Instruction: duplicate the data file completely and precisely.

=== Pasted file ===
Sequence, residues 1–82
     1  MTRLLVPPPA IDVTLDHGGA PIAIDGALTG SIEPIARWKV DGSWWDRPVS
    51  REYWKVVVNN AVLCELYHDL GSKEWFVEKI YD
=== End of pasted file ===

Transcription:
Sequence, residues 1–82
     1  MTRLLVPPPA IDVTLDHGGA PIAIDGALTG SIEPIARWKV DGSWWDRPVS
    51  REYWKVVVNN AVLCELYHDL GSKEWFVEKI YD